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TIFF ’23 Review: ‘Fingernails’ provides a false sense of security to couples

‘Fingernails’ unfolds in a world in which a loving relationship can be upended by a single test result

A scene from 'Fingernails'
A scene from 'Fingernails' courtesy of TIFF
A scene from 'Fingernails' courtesy of TIFF

‘Fingernails’ unfolds in a world in which a loving relationship can be upended by a single test result.

Dating has changed drastically in recent years, particularly during the pandemic. Chance meetings seem more difficult and fewer friends are orchestrating blind dates. Matchmaking apps were the answer for a while, but even those have kind of fallen out of favour. Then, after finding a potential someone, you begin to wonder: Do we have a future together? Do we like enough of the same things? Do they feel the same way? Answers may not be immediately apparent, but that is part of the journey… and it’s not always a happy ending. Fingernails takes the guess work out of finding the right person, but at a cost.

The Love Institute offers couples exercises to deepen their connections, as well as a test to evaluate if they’re a compatible pair. The assessment requires a fingernail from each person and results can be 0 percent (negative), 50 percent (only one person is in love) or 100 percent (positive). Anna (Jessie Buckley) and Ryan (Jeremy Allen White) tested positive a few years ago and have a comfortable, caring relationship. After losing her teaching position, Anna is hired by the Institute to conduct the exercises and tests. She is assigned to shadow Amir (Riz Ahmed), a rising star in the organization. They have a good working relationship and Anna is fitting in well. But when it seems they may be developing feelings for each other, everything they’re doing becomes uncertain.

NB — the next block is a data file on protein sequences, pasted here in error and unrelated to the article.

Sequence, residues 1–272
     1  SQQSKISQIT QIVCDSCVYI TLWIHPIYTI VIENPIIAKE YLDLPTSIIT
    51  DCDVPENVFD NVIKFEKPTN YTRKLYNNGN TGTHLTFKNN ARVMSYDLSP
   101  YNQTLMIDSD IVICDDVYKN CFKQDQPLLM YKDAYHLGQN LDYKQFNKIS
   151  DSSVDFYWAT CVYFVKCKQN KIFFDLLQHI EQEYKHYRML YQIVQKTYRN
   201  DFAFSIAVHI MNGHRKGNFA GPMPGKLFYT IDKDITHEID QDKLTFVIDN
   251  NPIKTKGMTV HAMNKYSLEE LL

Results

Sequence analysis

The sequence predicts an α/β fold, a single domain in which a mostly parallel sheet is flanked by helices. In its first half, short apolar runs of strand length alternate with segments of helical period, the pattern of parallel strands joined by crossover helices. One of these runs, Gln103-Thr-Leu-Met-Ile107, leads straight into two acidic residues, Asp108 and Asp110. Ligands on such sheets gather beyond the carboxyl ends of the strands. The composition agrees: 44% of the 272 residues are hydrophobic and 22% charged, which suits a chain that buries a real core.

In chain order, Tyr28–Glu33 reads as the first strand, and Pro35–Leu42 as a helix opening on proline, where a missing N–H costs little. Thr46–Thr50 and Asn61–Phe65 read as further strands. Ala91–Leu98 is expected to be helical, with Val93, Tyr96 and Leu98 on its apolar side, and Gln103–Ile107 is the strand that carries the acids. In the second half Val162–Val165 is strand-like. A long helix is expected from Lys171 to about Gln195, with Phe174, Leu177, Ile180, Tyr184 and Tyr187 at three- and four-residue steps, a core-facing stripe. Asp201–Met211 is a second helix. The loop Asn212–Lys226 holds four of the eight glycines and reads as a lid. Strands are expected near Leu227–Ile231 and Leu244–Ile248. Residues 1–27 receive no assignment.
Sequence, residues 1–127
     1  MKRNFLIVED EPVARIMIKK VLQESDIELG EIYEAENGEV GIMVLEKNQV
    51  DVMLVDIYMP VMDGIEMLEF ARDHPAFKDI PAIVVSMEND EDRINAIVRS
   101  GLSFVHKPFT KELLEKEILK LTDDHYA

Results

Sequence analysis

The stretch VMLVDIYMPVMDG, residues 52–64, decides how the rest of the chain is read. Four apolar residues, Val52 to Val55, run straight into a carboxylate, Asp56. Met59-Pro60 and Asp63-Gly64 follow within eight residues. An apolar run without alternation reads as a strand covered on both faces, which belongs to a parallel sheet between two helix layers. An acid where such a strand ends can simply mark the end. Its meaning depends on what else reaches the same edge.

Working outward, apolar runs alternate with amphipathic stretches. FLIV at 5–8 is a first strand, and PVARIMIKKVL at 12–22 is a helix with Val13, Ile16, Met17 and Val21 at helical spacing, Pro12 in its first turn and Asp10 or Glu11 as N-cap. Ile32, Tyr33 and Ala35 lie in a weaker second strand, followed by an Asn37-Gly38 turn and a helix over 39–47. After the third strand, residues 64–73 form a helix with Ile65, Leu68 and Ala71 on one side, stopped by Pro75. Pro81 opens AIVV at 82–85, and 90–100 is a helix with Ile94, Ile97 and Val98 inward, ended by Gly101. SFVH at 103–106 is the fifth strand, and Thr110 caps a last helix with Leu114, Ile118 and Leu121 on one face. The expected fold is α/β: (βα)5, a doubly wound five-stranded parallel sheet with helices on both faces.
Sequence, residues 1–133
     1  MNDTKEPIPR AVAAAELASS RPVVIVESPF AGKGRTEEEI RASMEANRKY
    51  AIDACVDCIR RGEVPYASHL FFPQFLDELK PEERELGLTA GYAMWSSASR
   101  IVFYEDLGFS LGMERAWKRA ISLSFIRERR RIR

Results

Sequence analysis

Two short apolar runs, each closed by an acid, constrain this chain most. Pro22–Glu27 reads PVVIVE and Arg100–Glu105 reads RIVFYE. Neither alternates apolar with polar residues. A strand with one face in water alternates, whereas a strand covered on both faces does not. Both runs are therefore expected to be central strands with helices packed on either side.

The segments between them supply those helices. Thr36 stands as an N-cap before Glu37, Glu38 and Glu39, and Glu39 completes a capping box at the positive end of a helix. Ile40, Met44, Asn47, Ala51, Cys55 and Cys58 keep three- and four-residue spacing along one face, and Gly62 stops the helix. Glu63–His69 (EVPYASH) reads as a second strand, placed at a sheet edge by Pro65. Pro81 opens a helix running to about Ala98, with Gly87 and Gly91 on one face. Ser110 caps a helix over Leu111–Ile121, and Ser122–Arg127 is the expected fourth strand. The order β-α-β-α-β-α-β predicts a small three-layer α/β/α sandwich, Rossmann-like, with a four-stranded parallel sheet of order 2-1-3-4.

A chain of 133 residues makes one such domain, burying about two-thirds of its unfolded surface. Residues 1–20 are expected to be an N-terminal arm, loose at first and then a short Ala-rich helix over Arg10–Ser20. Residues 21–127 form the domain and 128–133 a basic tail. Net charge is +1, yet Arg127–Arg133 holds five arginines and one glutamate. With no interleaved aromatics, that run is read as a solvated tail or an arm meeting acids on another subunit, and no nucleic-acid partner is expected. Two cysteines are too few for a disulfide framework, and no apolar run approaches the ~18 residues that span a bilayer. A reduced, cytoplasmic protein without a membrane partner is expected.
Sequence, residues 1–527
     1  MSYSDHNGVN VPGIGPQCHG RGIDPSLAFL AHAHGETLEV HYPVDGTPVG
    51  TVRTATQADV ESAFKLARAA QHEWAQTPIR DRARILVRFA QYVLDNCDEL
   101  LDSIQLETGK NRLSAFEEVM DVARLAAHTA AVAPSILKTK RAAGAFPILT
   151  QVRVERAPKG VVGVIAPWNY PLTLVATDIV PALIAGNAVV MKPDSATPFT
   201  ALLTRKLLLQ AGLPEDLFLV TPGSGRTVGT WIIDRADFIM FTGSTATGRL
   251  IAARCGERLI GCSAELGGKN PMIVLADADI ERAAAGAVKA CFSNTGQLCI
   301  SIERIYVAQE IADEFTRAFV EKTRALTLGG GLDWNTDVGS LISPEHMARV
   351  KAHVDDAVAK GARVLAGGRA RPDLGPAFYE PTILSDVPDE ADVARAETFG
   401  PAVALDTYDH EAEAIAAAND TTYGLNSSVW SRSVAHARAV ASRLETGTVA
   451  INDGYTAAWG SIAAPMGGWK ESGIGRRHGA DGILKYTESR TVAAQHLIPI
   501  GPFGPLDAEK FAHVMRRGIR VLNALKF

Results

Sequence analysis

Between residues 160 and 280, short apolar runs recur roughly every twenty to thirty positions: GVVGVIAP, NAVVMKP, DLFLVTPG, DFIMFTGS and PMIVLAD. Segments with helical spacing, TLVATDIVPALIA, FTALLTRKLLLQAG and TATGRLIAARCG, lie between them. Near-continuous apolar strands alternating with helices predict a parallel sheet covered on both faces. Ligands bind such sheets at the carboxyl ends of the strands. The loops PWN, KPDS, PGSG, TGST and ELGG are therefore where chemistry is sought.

It feels as if the film is taking place at some point indeterminate time as they reference movies like Jaws (1975), Titanic (1997) and Notting Hill (1999), but still use landlines. The machine that assesses the couples’ fingernails looks like a glorified microwave attached to an 8-bit monitor. Everything in The Love Institute is meant to make people feel more romantic, from the sounds, including only music in French, to the posters, which feature inspirational words and symptoms of love. The only hint to why they rely on fingernails for the test is a poster that indicates heart conditions can be detected by nail health, but the process is otherwise entirely mysterious.

The story unfolds in a culture that puts a lot of value on coupledom. The reliance on these tests to determine a couple’s future is widely accepted and so entrenched that a negative test typically means the end of a relationship. Conversely, a second positive can save a marriage on the rocks. Simulating romance and manufacturing ways people can connect takes the allure out of falling in love. As the narrative progresses, it’s clear something has been lost as people don’t trust their own feelings, requiring outside validation for something that was once a very personal choice — a dichotomy Anna is struggling to resolve.

Fingernails had its international premiere in the Special Presentations programme at the Toronto International Film Festival.

Read other reviews from the festival.

Director: Christos Nikou
Starring: Jessie Buckley, Riz Ahmed and Jeremy Allen White

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Sarah Gopaul is Digital Journal's Editor-at-Large for film news, a member of the Online Film Critics Society and a Rotten Tomatoes Tomatometer-approved critic.

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